Peltola’s votes show she’s one of the least loyal Democrats in the U.S. House

Congresswoman Mary Peltola speaks to a joint session of the Alaska Legislature on Feb. 26, 2024. Such speeches are annual events for all three members of Alaska’s delegation to Congress. (Clarise Larson/KTOO)

Democrats in the U.S. House almost always vote in line with party leaders, but Congresswoman Mary Peltola’s voting record suggests she’s one of the chamber’s least loyal Democrats.

She’s bucked the party on 78 votes since the start of 2023. That’s a “votes against party” rate of more than 12%, the fourth highest among House Democrats, according to data gathered by ProPublica. The average House Democrat votes against the party less than 6% of the time.

Her aisle-crossing votes are mostly in the areas of energy development and immigration. They bolster her image as a moderate who is open to working with Republicans but they haven’t helped the GOP enact new statutes. Many of the measures she voted for were designed for a different purpose: to scold President Biden.

Peltola was one of just four Democrats to vote for a harshly worded but non-binding resolution entitled “Denouncing the harmful, anti-American energy policies of the Biden administration, and for other purposes.” She also voted for a resolution “Expressing the sense of Congress that a carbon tax would be detrimental to the U.S. economy.” And she voted for a bill to prohibit the administration from banning fracking, which has almost no chance of passing the Senate.

“If we want to be cynical in our analysis, we could say that she feels safe — electorally, in Alaska —  to take these positions,” said Forrest Nabors, chair of the political science department at the University of Alaska Anchorage.

Nabors said Peltola could be crossing the aisle to vote in favor of issues like oil development because it’s popular in Alaska.

“So she’s probably feeling like she can afford to take these positions, even if it alienates some members of her party nationally,” he said.

That’s Nabors’ cynical take — that Peltola is voting strategically, to win an election. It’s not his only theory.

“It may be the case that all these positions she’s taking are mainly influenced by her own conscience,” he said. “I mean, that just might be her nature, to be independent in this way.”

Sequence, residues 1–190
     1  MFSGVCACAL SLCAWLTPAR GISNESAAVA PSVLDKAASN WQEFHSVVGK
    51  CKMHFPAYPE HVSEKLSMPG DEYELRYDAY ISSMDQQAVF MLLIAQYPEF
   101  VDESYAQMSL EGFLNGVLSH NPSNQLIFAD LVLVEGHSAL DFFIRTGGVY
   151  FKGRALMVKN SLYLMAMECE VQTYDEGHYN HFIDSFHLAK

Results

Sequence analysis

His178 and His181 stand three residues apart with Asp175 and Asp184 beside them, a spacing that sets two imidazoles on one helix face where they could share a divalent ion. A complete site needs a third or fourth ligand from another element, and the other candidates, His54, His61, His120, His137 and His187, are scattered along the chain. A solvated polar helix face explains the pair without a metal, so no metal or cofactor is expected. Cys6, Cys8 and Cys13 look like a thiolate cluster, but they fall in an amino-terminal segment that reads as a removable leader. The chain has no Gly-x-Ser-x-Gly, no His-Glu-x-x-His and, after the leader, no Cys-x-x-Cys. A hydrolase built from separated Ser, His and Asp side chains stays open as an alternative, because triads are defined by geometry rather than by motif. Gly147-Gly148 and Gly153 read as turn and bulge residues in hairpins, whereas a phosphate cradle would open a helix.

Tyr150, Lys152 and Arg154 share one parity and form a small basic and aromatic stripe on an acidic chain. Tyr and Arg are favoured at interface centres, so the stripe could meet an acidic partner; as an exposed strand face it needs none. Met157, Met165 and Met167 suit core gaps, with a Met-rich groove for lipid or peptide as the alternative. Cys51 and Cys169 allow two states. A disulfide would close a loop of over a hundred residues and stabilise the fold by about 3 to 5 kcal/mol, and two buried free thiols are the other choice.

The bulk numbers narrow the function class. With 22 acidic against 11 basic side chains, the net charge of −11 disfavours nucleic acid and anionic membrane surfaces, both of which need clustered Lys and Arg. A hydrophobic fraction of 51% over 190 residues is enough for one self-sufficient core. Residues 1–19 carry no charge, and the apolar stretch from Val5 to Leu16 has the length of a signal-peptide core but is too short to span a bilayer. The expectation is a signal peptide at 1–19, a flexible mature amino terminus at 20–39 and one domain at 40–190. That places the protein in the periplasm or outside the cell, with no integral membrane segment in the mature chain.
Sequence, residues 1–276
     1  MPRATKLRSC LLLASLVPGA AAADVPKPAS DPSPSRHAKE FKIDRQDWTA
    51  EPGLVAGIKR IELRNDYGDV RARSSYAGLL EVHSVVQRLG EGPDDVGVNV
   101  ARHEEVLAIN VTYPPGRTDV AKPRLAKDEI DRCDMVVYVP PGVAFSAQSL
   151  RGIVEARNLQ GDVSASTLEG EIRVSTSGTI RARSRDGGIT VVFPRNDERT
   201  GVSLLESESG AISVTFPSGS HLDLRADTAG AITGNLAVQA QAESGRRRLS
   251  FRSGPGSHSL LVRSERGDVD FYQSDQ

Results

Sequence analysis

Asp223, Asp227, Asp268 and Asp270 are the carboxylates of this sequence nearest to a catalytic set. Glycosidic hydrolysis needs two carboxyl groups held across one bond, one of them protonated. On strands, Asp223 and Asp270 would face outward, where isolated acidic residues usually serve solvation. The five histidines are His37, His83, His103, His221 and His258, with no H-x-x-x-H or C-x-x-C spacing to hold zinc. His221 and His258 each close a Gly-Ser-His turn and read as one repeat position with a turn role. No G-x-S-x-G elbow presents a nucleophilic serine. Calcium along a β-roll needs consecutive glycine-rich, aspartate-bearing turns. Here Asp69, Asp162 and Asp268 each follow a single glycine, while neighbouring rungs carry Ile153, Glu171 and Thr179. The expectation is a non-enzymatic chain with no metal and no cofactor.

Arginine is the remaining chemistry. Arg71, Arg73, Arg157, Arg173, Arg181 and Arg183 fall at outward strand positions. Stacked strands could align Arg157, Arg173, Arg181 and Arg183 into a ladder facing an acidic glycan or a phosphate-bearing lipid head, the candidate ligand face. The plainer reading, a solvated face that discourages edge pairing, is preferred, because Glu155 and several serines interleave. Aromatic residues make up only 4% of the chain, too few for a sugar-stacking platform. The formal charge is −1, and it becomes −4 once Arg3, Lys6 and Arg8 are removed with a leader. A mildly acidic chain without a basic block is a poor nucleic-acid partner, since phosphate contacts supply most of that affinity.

Many of the GOP bills and resolutions that pass the House are intended to give Republican lawmakers a chance to stake out a position against an unpopular president, and to serve as fodder for negative campaign ads against Democrats.

Peltola, though, does not stick to the partisan script, on energy or the Southwest border. She voted, for instance, to denounce the Biden administration’s immigration policies, and to require the jailing of more unauthorized migrants.

Peltola’s chief of staff and campaign advisor, Anton McParland, said Peltola doesn’t see a difference between a strategic vote and one that’s good for Alaska.  She believes, he said, that “the best way to win reelection is to do her job in Congress really well, and to advocate for Alaska.”

Peltola sometimes votes with Republicans against a Biden administration policy because she feels it does not take Alaska conditions into account, McParland said. And her vote to denounce the Biden administration on immigration “more than anything, it was just an acknowledgement that there’s a crisis there that needs to be addressed,” he said.

Peltola isn’t getting a lot of party pressure to stay in line, he said, in part because Congressional leaders are used to Alaska’s congressional delegation going its own way.

On social media, Alaska environmentalists sometimes resort to exclamation points and ick emojis when Peltola votes for messaging bills in favor of resource development, but that may not mean much for her reelection chances.

The League of Conservation Voters gave Peltola among the worst scores of any Democrat on its annual National Environmental Scorecard and hasn’t endorsed her. But the state affiliate, called The Alaska Center, endorsed Peltola in 2022. And its political director, Jenny-Marie Stryker, says it may decide to do so again this year.

“Our big take on Mary is that sometimes we’re really, really proud of the work she’s done,” Stryker said. “And there’s some times when we’ve been disappointed.”

One factor in the group’s endorsement decision, Stryker says, is that there may be no good alternative. So far, Peltola’s serious challengers are both conservative Republicans — entrepreneur Nick Begich III, and Lt. Gov. Nancy Dahlstrom.

Meanwhile, the National Republican Congressional Committee, dedicated to defeating House Democrats, gives Peltola no credit for bipartisanship. In its messaging, she’s an “extreme Democrat” who has “lock-step loyalty to Joe Biden.”

Correction: An earlier version of this story said League of Conservation Voters gave Rep. Peltola the lowest 2023 score among House Democrats. She was 9th worst, of 214. It also misstated the name of the National Republican Congressional Committee.

Liz Ruskin is the Washington, D.C., correspondent at Alaska Public Media. Reach her at Read more about Liz here.

Previous articleAlaska News Nightly: Wednesday, March 27, 2024
Next articleMan fatally shot outside Turnagain apartment complex, Anchorage police say